Free Access
Issue
A&A
Volume 531, July 2011
Article Number L1
Number of page(s) 6
Section Letters
DOI https://doi.org/10.1051/0004-6361/201116975
Published online 30 May 2011

© ESO, 2011

1. Introduction

Low-mass star formation is accompanied by the launch of powerful jets that drive strong shocks into the parental material (e.g., Arce et al. 2007), both in the form of shell shocks that interact with the molecular envelope, and in the form of the jet itself (e.g., Hirano et al. 2010). The jets are generally not uniform, but consist of small condensations (“bullets”1), that can be attributed to internal working surfaces caused by episodic ejection of material from the protostar (Santiago-García et al. 2009). The bullets are chemically rich, in particular in oxygen-bearing species (Tafalla et al. 2010), and should therefore display high abundances of water. H2O is one of the best shock tracers because the abundance can increase by orders of magnitude up to  ≲ 10-4 through sputtering of grain mantles and formation in the gas phase at high temperatures (Flower & Pineau des Forêts 2010). Also, due to the large velocity gradients in shocks, emission is effectively optically thinner than in a quiescent object (Franklin et al. 2008).

H2O has previously been observed in outflowing gas from young stellar objects (YSOs) using, e.g., Odin, SWAS, and ISO. The Heterodyne Instrument for the Far-Infrared (HIFI) on Herschel opens up spectrally resolved, high angular resolution observations of both H2O and high-J CO in low-mass protostars (e.g., Lefloch et al. 2010; Yıldız et al. 2010; Kristensen et al. 2010). The latter paper presents H2O observations of the low-mass star-forming region NGC1333. The H2O line profiles are complex, consisting of three velocity components characterised by their width. The broadest component (Δ3 > 20 km s-1) originates in the interaction between the outflow and the envelope; the medium-broad component (5 < Δ3 < 20 km s-1) arises where the jet impacts on the inner, dense envelope; a narrow absorption component (Δ3 < 5 km s-1) is attributed to the cold outer envelope. These initial HIFI results show that H2O is one of the best dynamics tracers in YSOs, and confirm that the H2O/CO abundance increases with velocity to  ~1. To date, H2O has not been uniquely identified in the bullets, and its abundance with respect to other jet species is unknown. Moreover, the different nature of the shocks could lead to different H2O abundances.

L1448-MM is a low-mass, Class 0 protostar located in Perseus (L = 11.6   L, Menv = 1.9   M, d = 235 pc; van Dishoeck et al. 2011). This object is the prototype of the class of sources showing bullet emission in CO (Bachiller et al. 1990), with red- and blue-shifted emission peaks at  ~  ± 50 km s-1 with respect to 3LSR =  + 5.2 km s-1. The bullets are clearly visible in other shock tracers such as SiO (e.g. Nisini et al. 2007), and have been imaged at high spatial resolution using interferometers (e.g., Guilloteau et al. 1992; Hirano et al. 2010). Our observations of H2O within the framework of the “Water in star-forming regions with Herschel” (WISH; van Dishoeck et al. 2011) key programme further explore the chemical and excitation conditions of shocked gas in low-mass star-forming regions.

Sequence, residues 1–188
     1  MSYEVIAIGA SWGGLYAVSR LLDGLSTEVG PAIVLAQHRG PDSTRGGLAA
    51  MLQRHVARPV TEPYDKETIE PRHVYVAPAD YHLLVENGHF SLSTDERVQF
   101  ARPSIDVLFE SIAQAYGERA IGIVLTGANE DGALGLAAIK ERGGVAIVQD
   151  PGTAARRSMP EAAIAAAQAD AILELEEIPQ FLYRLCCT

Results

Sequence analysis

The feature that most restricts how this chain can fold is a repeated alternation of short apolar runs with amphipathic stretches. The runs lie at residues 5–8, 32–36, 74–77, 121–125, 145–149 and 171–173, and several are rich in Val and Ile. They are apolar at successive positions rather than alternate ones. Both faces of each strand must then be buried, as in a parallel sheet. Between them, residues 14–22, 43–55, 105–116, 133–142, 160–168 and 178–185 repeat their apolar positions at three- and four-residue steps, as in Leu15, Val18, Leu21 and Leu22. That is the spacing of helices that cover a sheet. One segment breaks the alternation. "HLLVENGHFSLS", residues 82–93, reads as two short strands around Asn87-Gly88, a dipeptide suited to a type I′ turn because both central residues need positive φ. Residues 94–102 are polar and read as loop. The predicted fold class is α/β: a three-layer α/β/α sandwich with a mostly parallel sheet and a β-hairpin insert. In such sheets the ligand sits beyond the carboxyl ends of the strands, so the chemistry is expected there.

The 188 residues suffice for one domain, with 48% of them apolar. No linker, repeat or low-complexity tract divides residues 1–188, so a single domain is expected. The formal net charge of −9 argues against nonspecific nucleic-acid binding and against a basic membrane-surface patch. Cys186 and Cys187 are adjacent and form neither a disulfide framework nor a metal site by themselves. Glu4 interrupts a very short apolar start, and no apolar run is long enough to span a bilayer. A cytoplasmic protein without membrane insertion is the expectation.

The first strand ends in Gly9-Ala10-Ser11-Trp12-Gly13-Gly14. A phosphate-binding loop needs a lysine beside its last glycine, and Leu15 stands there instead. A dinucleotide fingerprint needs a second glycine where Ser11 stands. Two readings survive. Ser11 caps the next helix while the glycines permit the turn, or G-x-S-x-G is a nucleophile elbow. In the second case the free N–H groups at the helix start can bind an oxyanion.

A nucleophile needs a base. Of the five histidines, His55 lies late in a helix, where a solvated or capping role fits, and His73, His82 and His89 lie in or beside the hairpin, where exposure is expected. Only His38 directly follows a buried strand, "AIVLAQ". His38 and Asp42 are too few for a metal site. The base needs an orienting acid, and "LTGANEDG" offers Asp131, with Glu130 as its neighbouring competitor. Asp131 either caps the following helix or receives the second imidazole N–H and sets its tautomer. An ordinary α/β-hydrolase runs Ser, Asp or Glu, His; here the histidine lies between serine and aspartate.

2. Observations and results

thumbnail Fig. 1

Continuum-subtracted HIFI H2O, HO and CO spectra obtained at the central position of L1448-MM (3source = 5.2 km s-1).

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The central position of L1448-MM (03h25m389;  + 30°44′054; J2000) was observed with HIFI on Herschel (de Graauw et al. 2010, Pilbratt et al. 2010) in seven different settings covering six HO, two HO and one CO transition (Eu/kB ≈ 50−300 K; Table 3). Data were obtained using the dual beam-switch mode with a nod of 3′, except for the ground-state ortho-H2O line at 557 GHz, where a position switch to (+ 10′;  + 5′) was used. The diffraction-limited beam size ranges from 19″ to 39″ (4500–9500 AU). Data were reduced using HIPE ver. 4.0. The calibration uncertainty is taken to be 10% for lines observed in Bands 1, 2, and 5 while it is 30% in Band 4. The pointing accuracy is  ~2″. A main-beam efficiency of 0.65–0.75 is adopted (Table 3). Subsequent analysis of the data is performed in CLASS including subtraction of linear baselines. H- and V-polarizations are co-added after inspection; no significant differences are found between the two data sets. 12CO 3–2 and 13CO 3–2 were observed with the James Clerk Maxwell Telescope (JCMT). CO 2–1 was observed at the IRAM 30 m (Tafalla et al. 2010), and CO 4–3 at the JCMT (Nisini et al. 2000).